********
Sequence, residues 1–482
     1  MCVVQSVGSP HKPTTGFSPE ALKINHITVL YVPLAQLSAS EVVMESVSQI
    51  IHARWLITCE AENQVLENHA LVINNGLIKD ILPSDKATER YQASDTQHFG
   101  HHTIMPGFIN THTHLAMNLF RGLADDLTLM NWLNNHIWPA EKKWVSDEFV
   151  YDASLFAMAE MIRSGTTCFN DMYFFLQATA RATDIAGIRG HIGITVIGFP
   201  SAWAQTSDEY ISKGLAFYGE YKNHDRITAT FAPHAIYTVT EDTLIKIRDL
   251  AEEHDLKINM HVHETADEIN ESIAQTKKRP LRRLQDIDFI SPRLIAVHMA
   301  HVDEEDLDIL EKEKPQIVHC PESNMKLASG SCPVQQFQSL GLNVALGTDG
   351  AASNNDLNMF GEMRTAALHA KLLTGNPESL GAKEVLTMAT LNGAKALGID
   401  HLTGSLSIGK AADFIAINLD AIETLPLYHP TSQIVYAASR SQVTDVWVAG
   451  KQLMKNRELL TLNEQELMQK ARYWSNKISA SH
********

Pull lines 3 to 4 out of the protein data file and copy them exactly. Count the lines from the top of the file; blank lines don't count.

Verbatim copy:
    51  IHARWLITCE AENQVLENHA LVINNGLIKD ILPSDKATER YQASDTQHFG
   101  HHTIMPGFIN THTHLAMNLF RGLADDLTLM NWLNNHIWPA EKKWVSDEFV